Visiting the barn on Christmas morning with my sisters was part of our routine before we could see what Santa delivered the night before.

As I sit here tonight, the temperature has dipped into the single digits, the snowplow has gone down the road a few dozen times and the wind won’t stop howling. It’s that time of year when Mother Nature tries to prove a point and continue to remind all of us that she is in charge. I can’t help but think the 25th of December falls on a Sunday this year which means most folks are excited for an extra day off from work or if you’re lucky you’ve saved enough vacation days to spend a few extras with your family and friends. But personally, despite the bitter cold temperatures and not so nice wind, I believe the lucky ones are the ones who get to spend each and every day doing what they love – farmers!

Christmas comes once a year but the traditions that are made as a farm family long outlive the time on the farm. I was one of the few lucky kids in my hometown that grew up on a farm which meant my days were spent feeding calves instead of playing on the soccer team and riding in the tractor with dad on Saturday afternoon instead of hanging out at the local mall. Feeding calves and milking cows were part of a daily routine as a farm kid but some of my favorite traditions were family Christmas traditions on the farm. 

Today, your family traditions might include decorating the Christmas tree together, baking cookies with your mom or getting up each December morning with your brother to find where “Chippy” the elf is spending his day. Traditions are what keep the spirit alive and allow families to come together just a little bit more during the holiday season.


As farm kids, we weren’t allowed to touch the presents under the tree until the cows were milked and the calves were fed. They always (and still do) come first on the farm.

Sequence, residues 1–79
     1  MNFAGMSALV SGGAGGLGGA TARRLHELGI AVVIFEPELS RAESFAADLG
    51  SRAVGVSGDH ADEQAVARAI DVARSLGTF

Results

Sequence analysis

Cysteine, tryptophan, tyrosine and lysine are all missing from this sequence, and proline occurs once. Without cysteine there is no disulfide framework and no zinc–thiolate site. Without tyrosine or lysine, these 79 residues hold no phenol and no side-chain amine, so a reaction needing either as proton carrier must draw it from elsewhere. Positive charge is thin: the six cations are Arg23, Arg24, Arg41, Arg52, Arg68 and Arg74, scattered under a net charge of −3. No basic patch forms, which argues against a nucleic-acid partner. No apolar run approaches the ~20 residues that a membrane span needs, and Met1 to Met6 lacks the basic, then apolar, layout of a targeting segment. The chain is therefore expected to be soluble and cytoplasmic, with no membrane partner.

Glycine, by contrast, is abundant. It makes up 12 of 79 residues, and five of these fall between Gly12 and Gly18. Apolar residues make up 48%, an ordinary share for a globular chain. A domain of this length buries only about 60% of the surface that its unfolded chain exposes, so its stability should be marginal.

One of the well-known family traditions on our farm, which still exists today, is not opening anything under the tree until the cows were milked and the calves were fed and everyone is gathered around the living room. It’s a tradition that many farmers are used to and most farm kids enjoy. We never ran down the stairs at 5am to rip into the gifts under the tree because dad went to the barn at 5am to milk cows because unlike the majority of the world, Christmas didn’t mean a day off for our family or our cows. As farm kids, my two sisters and I were allowed to come down stairs, look at anything in our stocking but the goodies 20 feet away under the tree were untouchable until the animals were taken care of and chores were completed.


No matter the circumstances, Christmas traditions on the farm were unique and made with family and friends in the barn first and then around the Christmas tree.

Those close to me know that I grew up loving pigs more than cows so one of my favorite childhood Christmas memories as a family was coming home from our traditional late-night candlelit church service in hopes to hop right into bed so good ole Saint Nick would pay me a visit. As we arrived home from church, we realized that the pigs had a different agenda. They decided it was a beautiful night for a walk and had no intention of going back into their warm, cozy pens. After an hour of trying to corral my pigs back inside, it was finally bedtime but this was one of those crazy nights that we came together as a family and Christmas Eve had to be put on hold just a little while longer because the health and safety of our animals always came first.

How many of you enjoy family gatherings? Do you have a tradition of always getting together at 5pm on Christmas Eve or 2pm on Christmas Day? Farm families, like mine, always try hard to stay on schedule but milking comes first. The girls in our barn set our schedule. They needed to be milked twice a day, at the same time of day, so presents waited, dinner might be cold and family memories were made in a milking parlor before sitting around a Christmas tree.

Now don’t get me wrong, growing up and even today, my family is fortunate to be able to spend Christmas together but as a farmer, we know the important things in life and we know and appreciate the true reason for the season. Traditions run deep in some families and ours is no different so whether you get up before the rooster crows to open presents, cook breakfast in your pajamas together or sing Christmas carols through town on Christmas Eve – remember there is a family making their own traditions behind that tall glass of milk you left for Santa on Christmas Eve.